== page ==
Thoughts on EV Power Battery Structure Development
Posted: September 1, 2022
Guest Post by John Chen
NPI Manager, Vehicle Programs and Business Operations, BYD
At present, one of the most technical indicators of electric vehicle (EV) performance – which is also of high concern to consumers – is the range. In addition to the vehicle weight reduction, the component that has the most direct impact on improving the range is the battery capacity, so increasing the battery capacity has become and effective solution to increase the range of EVs.
To achieve higher capacity, innovations are generally focused on the electrochemical materials of the cell and the structure of the battery. Due to the long development cycle of the former, the innovation of battery structure is a feasible strategy in the short term, and integration is one of its important directions.
To pursue more demanding requirements, the technology roadmap has changed from the traditional CMP (cell-module-pack) to CTP (cell-to-pack) that has been mass-produced – and now to the new concept CTC (cell-to-chassis).
The core of CTC integrates the battery cell with the chassis, and then integrates the motor, electronic control, and vehicle high voltage through innovative architecture, optimizing power distribution and reducing energy consumption through an intelligent power domain controller.
Three Challenges in CTC
CTC is a scheme with huge advantages, but also obvious disadvantages. In addition to high maintenance costs, there are at least the following three challenges in early-stage technology development.
- Joint Development of Body/Chassis and Battery
It is necessary to have professional experience and capabilities in the two fields of full-vehicle (or chassis) R&D and battery R&D to successfully develop an EV using CTC. The achievements of the two R&D paths of the full-vehicle (especially chassis) and the battery, advance together and eventually converge so there is a greater possibility of realizing and applying CTC. For example, owning a hardware foundation on the battery R&D path and at the same time realizing another hardware foundation from the path of the body frame allows for the combination of the results of these two paths that is conducive to promoting CTC.
- Electrochemical Stability of Cells
CTC should have high intrinsic safety cells. From an electrochemical point of view, if you want to use a cell without high intrinsic safety as a contribution value of CTC, the risk and difficulty are higher than those with intrinsic safety. Specifically, cells that do not have intrinsic safety generally need to rely on thick firewalls at the battery pack level, thick partitions, multiple layers of fireproof glue, and uninterrupted liquid cooling circuits. Some ternary lithium batteries (i.e. NCM) have low thermal stability and require multiple protections to reduce the high risk of thermal runaway and thermal diffusion.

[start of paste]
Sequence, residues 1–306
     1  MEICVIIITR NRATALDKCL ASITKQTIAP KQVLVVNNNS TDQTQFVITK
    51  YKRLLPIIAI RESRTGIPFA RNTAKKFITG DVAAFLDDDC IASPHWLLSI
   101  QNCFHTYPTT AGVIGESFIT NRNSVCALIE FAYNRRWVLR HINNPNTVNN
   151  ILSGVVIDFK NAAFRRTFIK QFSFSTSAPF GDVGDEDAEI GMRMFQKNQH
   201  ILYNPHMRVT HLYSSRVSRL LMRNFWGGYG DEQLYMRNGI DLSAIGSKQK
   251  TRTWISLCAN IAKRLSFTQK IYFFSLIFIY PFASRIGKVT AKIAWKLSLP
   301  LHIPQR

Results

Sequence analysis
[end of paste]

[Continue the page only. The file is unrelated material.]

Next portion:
- Force Transfer Over Cells
From the point of view of mechanical force, CTC requires that all cells can be combined or individually formed into multiple force transfer structures. For example, blade batteries transmit force continuously for each cell, and 4680 batteries transmit force in a row of cells. In addition, structural adhesives become more important as structural connections.
Three Modes of Thoughts on CTC Innovation
So what does this mean for professionals working on instituting a CTC strategy? There are a few ways to approach implementation that can work together as we move this technology forward.
- Cross-industry Thinking
First, the CTC concept was inspired by aircraft fuel tanks. In the early design of the fuel tank located in the wing of the aircraft, the space utilization rate was low, and the lightweight concept was not used. Later, the wing was directly integrated with the fuel tank design, and the wing was the fuel tank. Inspired by innovations in the aircraft industry, the automotive industry embarked on a quest for the body chassis or battery.
The enlightenment learned from this case is that the technology of product structure design has unbalanced development in different industries as some industries are more advanced. When we want to innovate, we need to think across industries, learn from the advanced experience and existing structures of other industries, stand on the shoulders of giants, and innovate quickly and efficiently.
- Design For Assembly (DFA) Thinking
One of the applications of DFA thinking is to reduce the number of parts and simplify product design. CTC technology is to reduce the number of parts from two aspects: (1) the battery is the chassis, removing additional chassis parts, wiring harnesses, and fasteners; (2) the battery provides structural strength and removes the original body structural reinforcements.
- TRIZ Thinking
According to TRIZ theory, a product or object is a system. The system is composed of multiple subsystems, ultimately evolving into a super system. When the system's own evolutionary resources disappear, the system cooperates with other systems to further develop the resources.
According to the law of TRIZ evolution to super system, the evolution of traditional power battery pack to chassis and even body integration is the trend, which is the embodiment of the current development of CTC technology.
Based on this reasoning, it is possible to speculate the future power battery of the post-CTC on EVs. For example, the battery may be integrated with the entire interior and exterior of the body, or it may be driven by solar energy or bioenergy, or the EV itself does not have a battery and is powered by an external transportation system.
The path industry takes is still being decided, but as industry continues toward an electric future, these are the conversations we need to have.